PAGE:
National interest: It is primarily in the Member States' own interests to implement economic and social reforms, as political answers to the economic crisis and the rise in unemployment. Ownership is crucial to maximise the positive impact of those reforms.

Peer pressure: Member States will endorse the recommendations at the highest political level and are expected to reflect them in their national decision-making processes, including in the preparation of their annual budgets. They will track each other’s progress through a process of peer monitoring, with input from the Commission, throughout the year.

Market pressure: The sovereign debt crisis has dramatically increased the scrutiny to which EU Member States are subjected on the financial markets. This is clearly a strong incentive for governments to pursue policies aimed at bringing down debt and deficits, while boosting their economies' growth potential and capacity to generate jobs, in line with the country-specific recommendations.

Possible sanctions: Since the new rules for economic governance entered into force in December 2011, euro area Member States have had a further incentive to adopt policies in line with the recommendations: the prospect of sanctions under the Excessive Deficit Procedure or the Excessive Imbalance Procedure.

How will the Commission monitor the implementation of the recommendations?

Implementation of the recommendations will be monitored closely and on an ongoing basis by the Commission services. The Commission will keep the Council informed of its findings throughout the coming year. A formal assessment of each Member State’s performance will take place in May/June 2014, when the Commission presents next year’s country-specific recommendations and accompanying analysis.

How do the recommendations fit into the European Semester?

The Semester begins with the presentation of the Annual Growth Survey in November (see MEMO/12/910). This is where the Commission sets out priority actions for the EU as a whole. Subsequently Member States submit their national reform programmes and stability or convergence programmes to the Commission for assessment. The results of that assessment, taking into account the priorities defined in the Annual Growth Survey, form the basis for the country-specific recommendations, which round off the semester of EU-level policy coordination in June. After the CSRs are endorsed, the implementation phase in the Member States begins.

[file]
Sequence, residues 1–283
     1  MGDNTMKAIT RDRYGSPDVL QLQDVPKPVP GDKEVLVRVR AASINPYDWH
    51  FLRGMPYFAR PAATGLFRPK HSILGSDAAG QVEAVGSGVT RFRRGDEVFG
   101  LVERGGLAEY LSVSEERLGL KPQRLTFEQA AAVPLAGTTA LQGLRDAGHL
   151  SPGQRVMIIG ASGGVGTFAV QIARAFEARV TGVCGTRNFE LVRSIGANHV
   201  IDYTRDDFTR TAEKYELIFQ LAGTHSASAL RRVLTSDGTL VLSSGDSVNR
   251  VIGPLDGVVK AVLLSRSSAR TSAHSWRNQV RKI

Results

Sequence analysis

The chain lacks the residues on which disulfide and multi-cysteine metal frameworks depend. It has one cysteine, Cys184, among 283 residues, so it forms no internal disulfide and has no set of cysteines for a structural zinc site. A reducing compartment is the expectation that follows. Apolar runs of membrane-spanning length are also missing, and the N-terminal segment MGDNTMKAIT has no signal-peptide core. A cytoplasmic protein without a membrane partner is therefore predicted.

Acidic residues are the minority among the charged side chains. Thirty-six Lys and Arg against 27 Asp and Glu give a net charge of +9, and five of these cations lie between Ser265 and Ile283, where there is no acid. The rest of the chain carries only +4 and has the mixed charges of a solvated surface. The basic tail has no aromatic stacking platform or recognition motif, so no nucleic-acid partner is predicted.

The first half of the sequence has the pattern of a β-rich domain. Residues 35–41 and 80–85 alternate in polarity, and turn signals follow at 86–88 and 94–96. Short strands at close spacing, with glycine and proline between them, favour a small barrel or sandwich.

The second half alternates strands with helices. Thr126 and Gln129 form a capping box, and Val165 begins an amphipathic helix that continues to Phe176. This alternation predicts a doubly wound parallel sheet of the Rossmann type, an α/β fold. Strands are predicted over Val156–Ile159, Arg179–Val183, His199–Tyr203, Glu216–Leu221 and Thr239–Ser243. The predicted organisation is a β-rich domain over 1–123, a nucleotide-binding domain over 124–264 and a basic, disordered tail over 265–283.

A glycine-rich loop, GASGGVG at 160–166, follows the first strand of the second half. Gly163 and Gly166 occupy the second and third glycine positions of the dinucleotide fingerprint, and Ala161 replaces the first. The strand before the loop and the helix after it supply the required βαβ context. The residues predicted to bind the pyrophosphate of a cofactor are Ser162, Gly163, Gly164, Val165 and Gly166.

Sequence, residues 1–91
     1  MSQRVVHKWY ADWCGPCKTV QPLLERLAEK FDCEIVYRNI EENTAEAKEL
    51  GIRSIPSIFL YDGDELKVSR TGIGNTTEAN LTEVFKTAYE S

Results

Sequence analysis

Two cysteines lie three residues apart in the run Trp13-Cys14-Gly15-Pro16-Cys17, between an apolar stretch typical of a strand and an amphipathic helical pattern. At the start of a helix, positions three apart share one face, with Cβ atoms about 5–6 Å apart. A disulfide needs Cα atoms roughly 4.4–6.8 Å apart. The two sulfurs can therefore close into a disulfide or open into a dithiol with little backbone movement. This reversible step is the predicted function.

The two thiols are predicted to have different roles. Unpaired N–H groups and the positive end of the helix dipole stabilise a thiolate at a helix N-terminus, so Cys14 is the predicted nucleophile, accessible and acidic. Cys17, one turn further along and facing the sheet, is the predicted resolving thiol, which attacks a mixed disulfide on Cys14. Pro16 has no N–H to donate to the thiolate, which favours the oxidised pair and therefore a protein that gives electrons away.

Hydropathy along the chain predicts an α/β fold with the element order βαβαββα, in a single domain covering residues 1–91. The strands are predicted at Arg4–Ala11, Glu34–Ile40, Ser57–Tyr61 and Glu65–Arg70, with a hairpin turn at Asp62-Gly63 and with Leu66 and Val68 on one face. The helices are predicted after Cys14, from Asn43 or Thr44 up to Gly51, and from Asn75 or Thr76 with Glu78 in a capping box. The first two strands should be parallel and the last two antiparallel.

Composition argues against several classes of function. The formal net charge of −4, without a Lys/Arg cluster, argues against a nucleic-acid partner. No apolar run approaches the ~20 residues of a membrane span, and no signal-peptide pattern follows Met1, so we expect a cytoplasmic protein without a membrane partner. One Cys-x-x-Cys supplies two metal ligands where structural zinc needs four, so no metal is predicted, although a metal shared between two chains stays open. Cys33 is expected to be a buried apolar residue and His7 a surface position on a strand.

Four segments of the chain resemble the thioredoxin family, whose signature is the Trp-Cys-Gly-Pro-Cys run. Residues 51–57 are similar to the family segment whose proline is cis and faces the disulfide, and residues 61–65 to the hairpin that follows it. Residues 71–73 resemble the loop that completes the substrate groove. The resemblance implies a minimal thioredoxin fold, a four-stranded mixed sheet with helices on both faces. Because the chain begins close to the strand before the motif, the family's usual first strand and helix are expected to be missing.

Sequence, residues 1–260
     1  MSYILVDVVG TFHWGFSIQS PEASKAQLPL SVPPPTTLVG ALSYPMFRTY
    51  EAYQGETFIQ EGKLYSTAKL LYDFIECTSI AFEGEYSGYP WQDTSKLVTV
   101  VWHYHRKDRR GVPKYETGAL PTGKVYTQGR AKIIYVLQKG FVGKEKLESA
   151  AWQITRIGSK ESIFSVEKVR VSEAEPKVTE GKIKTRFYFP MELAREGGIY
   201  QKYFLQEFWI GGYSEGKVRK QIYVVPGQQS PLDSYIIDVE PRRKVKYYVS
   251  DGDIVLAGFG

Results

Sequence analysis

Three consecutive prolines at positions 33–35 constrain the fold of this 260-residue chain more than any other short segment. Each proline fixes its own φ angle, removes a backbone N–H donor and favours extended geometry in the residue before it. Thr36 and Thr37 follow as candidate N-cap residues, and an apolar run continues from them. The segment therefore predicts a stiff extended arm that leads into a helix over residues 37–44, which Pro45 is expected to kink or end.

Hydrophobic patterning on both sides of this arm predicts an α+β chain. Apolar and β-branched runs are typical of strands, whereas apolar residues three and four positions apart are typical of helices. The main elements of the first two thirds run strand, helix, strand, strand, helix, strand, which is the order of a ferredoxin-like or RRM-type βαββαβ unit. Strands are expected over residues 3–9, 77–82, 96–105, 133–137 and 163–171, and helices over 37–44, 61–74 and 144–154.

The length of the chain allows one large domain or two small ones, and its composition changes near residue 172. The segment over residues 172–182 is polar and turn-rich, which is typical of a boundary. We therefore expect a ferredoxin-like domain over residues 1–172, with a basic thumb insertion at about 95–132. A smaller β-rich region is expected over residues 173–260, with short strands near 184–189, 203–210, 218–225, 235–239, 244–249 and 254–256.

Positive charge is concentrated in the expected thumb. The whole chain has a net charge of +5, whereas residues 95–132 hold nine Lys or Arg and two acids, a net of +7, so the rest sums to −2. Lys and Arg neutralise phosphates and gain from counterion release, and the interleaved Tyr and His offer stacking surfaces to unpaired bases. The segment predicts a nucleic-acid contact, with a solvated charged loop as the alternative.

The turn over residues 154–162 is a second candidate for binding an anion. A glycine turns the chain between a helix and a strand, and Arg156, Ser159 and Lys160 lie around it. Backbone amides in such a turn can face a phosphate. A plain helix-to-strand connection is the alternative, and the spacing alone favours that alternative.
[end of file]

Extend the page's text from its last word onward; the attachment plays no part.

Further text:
The European Semester has been strengthened by the introduction of the six pack and two pack legislation. The six pack5, which strengthens the enforcement mechanisms for public finances and macroeconomic imbalances, will further increase the incentives for Member States to properly implement the country-specific recommendations.

The two-pack6 introduces a common budgetary timeline and common budgetary rules for euro area Member States, which ensures consistency between the budgetary and other processes under the Semester.

What happens next?

The recommendations will be discussed by the Council of Ministers and endorsed by EU Heads of State or Government at the European Council in June. They will be formally adopted by the Council of Ministers in July. It will then be up to Member States to implement the recommendations by taking them up when drafting their national budgets and other relevant policies.

For more information:

Europe 2020 website (for the Country-Specific Recommendations):

http://ec.europa.eu/europe2020/index_en.htm

For the Excessive Deficit Procedure

http://ec.europa.eu/economy_finance/economic_governance/sgp/corrective_arm/index_en.htm

IP/13/463 Moving Europe beyond the crisis: country-specific recommendations 2013

MEMO/13/463 Commission takes steps under the Excessive Deficit Procedure

1 :

The EU's yearly calendar for integrated economic and budgetary policy-making.

2 :

Europe 2020 is Europe's strategy for long-term growth, and sets 5 headline targets on employment, education, research, energy efficiency and poverty reduction for the EU as a whole to meet by 2020.

3 :

With a goal of at least 20 million fewer people in or at risk of poverty and social exclusion by 2020

4 :

Stability programmes are submitted by euro area Member States, convergence programmes by non-euro area Member States. They set out the plans for sustainable public finances. National reform programmes present key policy measures to enhance growth and job creation and reach the Europe 2020 targets.

5 :

The six pack came into force in December 2011, and includes six new laws to strengthen budgetary surveillance at EU level. It also introduced a system for monitoring and correcting macroeconomic imbalances.

6 :

The two pack will enter into force on 30 May 2013.